Gumnaam ("unnamed, anonymous") is a slapdash, inadequately scripted, totally non-suspenseful mystery. It is nevertheless great fun to watch, thanks entirely to a passel of thoroughly entertaining songs and fun comic performances by the likes of Helen and Mehmood.
A group of strangers at a masquerade party are delighted when they are chosen, apparently at random, as winners of an exciting foreign vacation. The trip gets off to a rough start, however, when an emergency forces their plane to land in a remote wilderness. And things take an even more sinister turn when the plane takes off, leaving them stranded. Soon they find an isolated mansion, tended by a valet (Mehmood) who knows their names and seems to have been expecting them. A mysterious diary in the mansion reveals the reason they are there: It says they are each responsible for an unjust death, and will be forced to pay the ultimate price. And sure enough, one by one the travelers begin to die violently ... and the murderer must be among them.
Gumnaam takes Agatha Chrtistie's Ten Little Indians as its inspiration. It follows that classic story fairly faithfully, but Gumnaam is very light on the plot details that made the original tight and compelling. There is no real payoff - the killer's motivation for assembling this particular group is stated, but with a few exceptions we are told neither whose deaths they caused, nor why the killer thinks justice is his responsibility.
One result of the slapdash plotting is an utter lack of suspense, which is compounded by the travelers for the most part not behaving as if they fear for their lives. The other filmi touches, like Mehmood's broad South Indian caricature and other roles (like Pran's and Madan Puri's) played for laughs, don't bolster the story. But unlike Raat aur din, where filmi touches detract from what could have been a taut psychological drama, in Gumnaam they are the saving grace of what would otherwise be a dreadful film.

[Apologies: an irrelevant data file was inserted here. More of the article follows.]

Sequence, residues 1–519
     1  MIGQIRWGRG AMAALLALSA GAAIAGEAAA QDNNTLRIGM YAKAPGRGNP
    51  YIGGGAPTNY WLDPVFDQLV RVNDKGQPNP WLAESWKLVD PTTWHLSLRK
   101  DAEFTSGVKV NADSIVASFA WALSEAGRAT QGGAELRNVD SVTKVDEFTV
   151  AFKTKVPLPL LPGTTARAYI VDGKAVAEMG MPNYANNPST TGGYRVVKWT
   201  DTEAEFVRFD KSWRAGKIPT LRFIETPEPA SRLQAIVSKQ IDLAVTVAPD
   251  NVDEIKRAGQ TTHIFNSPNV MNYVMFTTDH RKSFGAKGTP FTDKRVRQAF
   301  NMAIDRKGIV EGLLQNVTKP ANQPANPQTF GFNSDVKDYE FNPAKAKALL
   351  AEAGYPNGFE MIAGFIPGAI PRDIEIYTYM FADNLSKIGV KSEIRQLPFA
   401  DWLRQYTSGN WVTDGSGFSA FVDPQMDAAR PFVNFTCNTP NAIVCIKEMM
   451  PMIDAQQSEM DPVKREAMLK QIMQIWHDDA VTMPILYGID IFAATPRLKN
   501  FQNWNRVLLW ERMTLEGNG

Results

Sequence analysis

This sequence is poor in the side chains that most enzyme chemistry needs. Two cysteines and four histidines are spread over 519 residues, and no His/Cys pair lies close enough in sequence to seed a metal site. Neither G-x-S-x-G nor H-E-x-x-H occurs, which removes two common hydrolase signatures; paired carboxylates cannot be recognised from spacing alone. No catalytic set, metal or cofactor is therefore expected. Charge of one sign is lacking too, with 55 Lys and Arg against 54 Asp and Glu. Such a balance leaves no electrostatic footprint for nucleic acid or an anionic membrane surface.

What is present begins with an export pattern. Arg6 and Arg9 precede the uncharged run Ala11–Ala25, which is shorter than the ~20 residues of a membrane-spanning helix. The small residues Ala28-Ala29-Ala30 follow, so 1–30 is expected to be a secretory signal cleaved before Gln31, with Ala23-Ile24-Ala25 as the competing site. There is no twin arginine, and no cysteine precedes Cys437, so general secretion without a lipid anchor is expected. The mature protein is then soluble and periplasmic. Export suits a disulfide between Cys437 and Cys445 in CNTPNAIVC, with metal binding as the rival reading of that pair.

The best thing about Gumnaam is the film's songs, most of which are upbeat, splendid fun. Helen, as one of the doomed guests, gets three of these, including Mehmood's fantastic dream sequence, an adorable beachside romp, and the rare treat of a drunken buddy-song in which the revelers are both women (Helen and Nanda). And no discussion of the songs of Gumnaam is complete without mention of the wild, mod goodness of "Jaan pehechaan ho".
Gumnaam is a masala film, and so of course a romance thread is woven through as well. This thread is wasted, though, on the film's milquetoast hero and heroine, Manoj Kumar and Nanda. Greta (of Memsaab Story; thanks to her for the screencap) commented that Gumnaam would have been a totally different movie if Shammi Kapoor had been the hero, and I have to agree. It could possibly have been an all-time classic on the level of Teesri Manzil or Kashmir ki kali - with Shammi as the hero and Asha Parekh, Sharmila Tagore, or really anyone else as the heroine. Nanda and Manoj's songs are entertaining enough, but they pale in comparison to the other songs in the film; Manoj attempts Shammi-like moves, but even though he's younger and slightly less chubby, he lacks the energy and charisma that Shammi brought to his best movies.
In the end, though, even to critique a movie like Gumnaam is to ask too much of it. It is thoroughly amusing while it's happening - at its best moments, it shines - and that's all it sets out to do.